Paul says that when we pray in this way, it “is good, and it is pleasing in the sight of God our Savior, who desires all people to be saved and to come to the knowledge of the truth. For there is one God, and there is one mediator between God and men, the man Christ Jesus, who gave himself as a ransom for all” (v. 3-6).

God loves people and wants them to receive salvation through Jesus. So, we pray for them and we share with them. We don’t waste time on speculation and silly myths. Instead, we should seek to be continually captured and enraptured by Christ Jesus, knowing there is solace, depth, mystery, and beauty there to sustain us a thousand lifetimes.

Spend Your Time on the Greatest TRUE Tale

Paul said, “Imitate me, as I imitate Christ.” And Paul also said, “Him [Jesus!] we proclaim, warning everyone and teaching everyone with all wisdom, that we may present everyone mature in Christ. For this I toil, struggling with all his energy that he powerfully works within me” (Col. 1:28-29).

Read 2 Timothy 4:1-5. What Paul says there is the priority. That’s what “fighting the good fight” (2 Timothy 4:7) looks like.

Paul strove and struggled to share the message of the Savior, not a secret message about something going on in the world. Satan would have us distracted from the good news of Jesus—the good news of hope and salvation to a broken and needy world.

When the chaos of wickedness ratchets up in the book of Revelation, what is it God’s people are to do? Protect the world and keep it from destruction through knowing what’s secretly going on behind the scenes and through sharing those hidden things? Is that how the book of Revelation exhorts us to persevere? No.

Revelation is about Jesus and the victory of Jesus. It’s the true story of His final triumph over every evil plot and wicked foe. It holds before us the truth that we are in a cosmic battle, that there is a god of this world who is presently working ruin, but also the truth that the Lion and the Lamb will conquer. That’s the “secret knowledge,” the revealing, the REVELATION we need. We need the true message of Jesus’ victory. We don’t need distracted by lesser stories. Instead, we need again and again to return to and be tethered to Jesus.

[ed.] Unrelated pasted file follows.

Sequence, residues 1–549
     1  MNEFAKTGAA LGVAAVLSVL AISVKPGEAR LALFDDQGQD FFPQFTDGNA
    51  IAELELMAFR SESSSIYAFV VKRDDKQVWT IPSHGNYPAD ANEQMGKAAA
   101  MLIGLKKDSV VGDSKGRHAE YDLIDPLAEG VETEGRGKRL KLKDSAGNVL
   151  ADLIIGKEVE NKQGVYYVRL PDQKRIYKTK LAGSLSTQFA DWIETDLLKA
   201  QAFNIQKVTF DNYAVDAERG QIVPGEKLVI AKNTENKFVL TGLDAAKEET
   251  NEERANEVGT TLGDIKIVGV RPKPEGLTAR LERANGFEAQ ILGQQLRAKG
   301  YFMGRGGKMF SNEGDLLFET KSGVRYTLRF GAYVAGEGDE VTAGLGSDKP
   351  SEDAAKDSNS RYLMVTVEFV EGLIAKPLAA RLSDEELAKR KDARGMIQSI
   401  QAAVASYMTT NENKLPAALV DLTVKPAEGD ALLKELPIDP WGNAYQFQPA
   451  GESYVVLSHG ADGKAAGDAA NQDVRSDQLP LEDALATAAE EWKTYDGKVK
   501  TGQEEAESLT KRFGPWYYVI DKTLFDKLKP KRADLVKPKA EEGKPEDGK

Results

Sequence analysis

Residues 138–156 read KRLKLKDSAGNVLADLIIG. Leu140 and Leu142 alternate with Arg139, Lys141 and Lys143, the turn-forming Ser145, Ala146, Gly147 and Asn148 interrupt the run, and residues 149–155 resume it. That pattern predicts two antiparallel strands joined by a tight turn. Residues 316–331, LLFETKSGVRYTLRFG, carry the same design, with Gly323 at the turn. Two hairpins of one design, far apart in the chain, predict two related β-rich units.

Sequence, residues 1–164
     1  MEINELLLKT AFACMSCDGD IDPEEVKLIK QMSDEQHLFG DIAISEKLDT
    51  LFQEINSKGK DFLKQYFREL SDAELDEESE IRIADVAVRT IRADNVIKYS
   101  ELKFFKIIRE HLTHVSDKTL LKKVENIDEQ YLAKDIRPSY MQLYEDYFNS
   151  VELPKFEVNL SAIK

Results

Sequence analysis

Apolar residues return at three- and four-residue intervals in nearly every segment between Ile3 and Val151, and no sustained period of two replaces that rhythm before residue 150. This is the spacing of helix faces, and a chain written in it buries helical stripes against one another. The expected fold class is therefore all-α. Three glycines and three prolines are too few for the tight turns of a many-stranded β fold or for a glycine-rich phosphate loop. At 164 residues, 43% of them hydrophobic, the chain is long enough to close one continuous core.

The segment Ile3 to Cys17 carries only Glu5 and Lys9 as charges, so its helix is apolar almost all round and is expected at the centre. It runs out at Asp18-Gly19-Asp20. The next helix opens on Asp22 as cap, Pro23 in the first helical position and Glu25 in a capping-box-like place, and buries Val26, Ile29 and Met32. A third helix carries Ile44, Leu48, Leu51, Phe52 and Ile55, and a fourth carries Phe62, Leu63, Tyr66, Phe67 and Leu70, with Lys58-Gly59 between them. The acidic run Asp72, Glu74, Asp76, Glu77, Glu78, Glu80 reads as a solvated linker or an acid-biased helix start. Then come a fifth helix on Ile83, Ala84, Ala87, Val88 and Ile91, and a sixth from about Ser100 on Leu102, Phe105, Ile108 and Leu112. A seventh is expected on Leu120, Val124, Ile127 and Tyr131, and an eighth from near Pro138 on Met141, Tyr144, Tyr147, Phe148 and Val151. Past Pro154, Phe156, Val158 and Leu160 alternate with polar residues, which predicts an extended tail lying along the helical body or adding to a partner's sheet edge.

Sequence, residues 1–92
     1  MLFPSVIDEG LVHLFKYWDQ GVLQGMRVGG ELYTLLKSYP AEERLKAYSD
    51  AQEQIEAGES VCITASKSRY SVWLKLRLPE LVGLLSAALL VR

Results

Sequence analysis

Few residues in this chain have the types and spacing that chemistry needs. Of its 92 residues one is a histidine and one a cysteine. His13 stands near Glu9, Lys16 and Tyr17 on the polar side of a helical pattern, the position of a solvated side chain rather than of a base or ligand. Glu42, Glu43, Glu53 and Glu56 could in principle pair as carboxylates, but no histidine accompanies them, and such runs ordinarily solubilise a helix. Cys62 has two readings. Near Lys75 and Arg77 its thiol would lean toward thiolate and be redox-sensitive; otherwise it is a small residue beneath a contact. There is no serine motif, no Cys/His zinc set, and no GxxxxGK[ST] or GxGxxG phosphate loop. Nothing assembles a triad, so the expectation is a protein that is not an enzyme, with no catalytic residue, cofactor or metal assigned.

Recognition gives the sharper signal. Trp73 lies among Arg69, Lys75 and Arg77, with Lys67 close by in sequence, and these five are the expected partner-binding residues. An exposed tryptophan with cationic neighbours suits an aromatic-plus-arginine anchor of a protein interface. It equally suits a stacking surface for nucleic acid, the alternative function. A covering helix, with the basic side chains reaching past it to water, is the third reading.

So many tales are a distraction from the true and greatest tale. Brothers and sisters, we don’t need new and secret knowledge. We need the old old story again and again. We need to be smothered with the truth of the Savior of the world, not suffocated by secret theories. The hope of the earth is Jesus, not some locked away thing we can learn about on a website somewhere.

We need laser beam focus on Jesus. And we need to share the true story about Him in love. We need to be evangelistic about the good news of Jesus Christ! Not any conspiracy theory.

Notes

[1] I think of Chuck Colson. If there was a theory about the watergate scandal it wasn’t just a conspiracy theory. It was true. But the answer wasn’t information, it was prayer. God brought Chuck Colson to salvation when he was in prison. Colson has gone on to lead a ministry to those in prison. So, prayer is powerful.